The US on Saturday authorised Chevron to resume oil production through its joint ventures in Venezuela, after the socialist government in Caracas and the opposition resumed political talks in Mexico City.
The relaxation of oil sanctions signals a major change in Washington’s posture towards the Venezuelan government. The US had previously sought to force the authoritarian president Nicolás Maduro from office. In 2019 it recognised opposition leader Juan Guaidó as the country’s legitimate leader alongside dozens of allies, after claiming that Maduro stole the presidency in rigged elections in 2018.
Under sanctions imposed by the Trump administration in 2019 as part of its maximum pressure campaign against Maduro, Chevron was only allowed to maintain its assets in Venezuela, not to export its crude or expand operations.
Maduro has presided over an economic collapse in his oil-rich nation that was prompted 7mn people to flee amid widespread human rights abuses. Protests at home and diplomatic pressure abroad have not succeeded in ousting him, partly thanks to support from Russia, Cuba, China, Turkey and Iran.
On Saturday, representatives of the Venezuelan government and the opposition returned to political negotiations in Mexico — suspended for more than a year — and signed a rare humanitarian agreement that seeks to free up Venezuelan funds frozen abroad for health, infrastructure and education. That fund, estimated to be around $3bn, will be administered by the United Nations.
Around the same time on Saturday, the US Treasury department announced it was easing oil sanctions.
“This action reflects longstanding US policy to provide targeted sanctions relief based on concrete steps that alleviate the suffering of the Venezuelan people and support the restoration of democracy,” Treasury said in a statement.
Venezuela has the world’s largest proven oil reserves and once pumped over 3mn barrels per day, though after years of mismanagement and US-led sanctions, production today sits well below 1mn bpd.
Francisco Monaldi, a Venezuelan energy policy expert at the Baker Institute in Houston, estimates that Chevron’s joint ventures in Venezuela could produce 80,000 bpd to 100,000 bpd “within a few months”, up from 50,000 bpd today. After that “it will require significant investments, which will take about two years to achieve an additional 120,000 bpd.”
On Saturday, a senior US administration official briefing reporters said the six-month licence would be subject to change if “the Maduro regime fails to negotiate in good faith or follow through on its commitments”.
Venezuela’s national oil company PDVSA will not receive profits from sales of oil under the agreement and revenues will be used to repay debt to Chevron. The official said Saturday’s move would shift some sales of Venezuelan oil off the black market “to transparent, legitimate channels.”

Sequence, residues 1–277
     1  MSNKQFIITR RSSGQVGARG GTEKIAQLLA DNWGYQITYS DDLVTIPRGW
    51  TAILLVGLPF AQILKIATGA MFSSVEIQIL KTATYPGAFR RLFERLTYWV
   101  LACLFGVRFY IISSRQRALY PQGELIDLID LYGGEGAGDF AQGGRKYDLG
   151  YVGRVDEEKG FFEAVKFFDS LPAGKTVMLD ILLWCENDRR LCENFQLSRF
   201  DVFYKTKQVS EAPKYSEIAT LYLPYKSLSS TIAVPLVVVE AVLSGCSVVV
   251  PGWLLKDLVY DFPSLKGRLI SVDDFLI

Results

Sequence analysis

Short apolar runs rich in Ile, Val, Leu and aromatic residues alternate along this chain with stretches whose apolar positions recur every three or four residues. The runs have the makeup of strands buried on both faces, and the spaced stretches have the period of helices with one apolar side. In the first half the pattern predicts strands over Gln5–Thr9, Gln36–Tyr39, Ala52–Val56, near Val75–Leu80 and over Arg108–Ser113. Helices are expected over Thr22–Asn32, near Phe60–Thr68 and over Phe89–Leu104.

The official denied that the administration’s decision to allow Chevron to resume limited activities in Venezuela was influenced by global oil markets and said Saturday’s move would not significantly impact prices. The Biden administration has sought alternatives to Russian energy following the invasion of Ukraine this year, in part to combat petrol price rises. The European Union is set to ban Russian oil imports on December 5.
The surge in the crude market sent US petrol prices to a record high earlier this year, fanning decades-high inflation that has threatened to tip the US economy into recession.
The White House’s attempt to cool prices also included record releases of oil from an emergency federal stockpile over recent months and calls for domestic shale producers to increase drilling. Prices have retreated in recent weeks amid fears of a global economic downturn.
“The Office of Foreign Assets Control’s decision brings added transparency to the Venezuelan oil sector,” Chevron said in a statement. “We are determined to remain a constructive presence in the country and to continue supporting social investment programs aimed at providing humanitarian relief.”
Talks between the Caracas government and the opposition over a political solution to Venezuela’s crisis began in September 2021 but the Maduro government walked out only a month later after key ally Alex Saab was extradited to the US on money-laundering charges.
US Senator Bob Menendez, the Democratic chair of the Senate foreign relations committee, cautiously welcomed the resumption of talks but warned that the US should be prepared to swiftly reimpose sanctions should Maduro fail to follow through on his commitments.
“If Maduro again tries to use these negotiations to buy time to further consolidate his criminal dictatorship, the United States and our international partners must snap back the full force of our sanctions that brought his regime to the negotiating table in the first place,” he said.
additional reporting by Derek Brower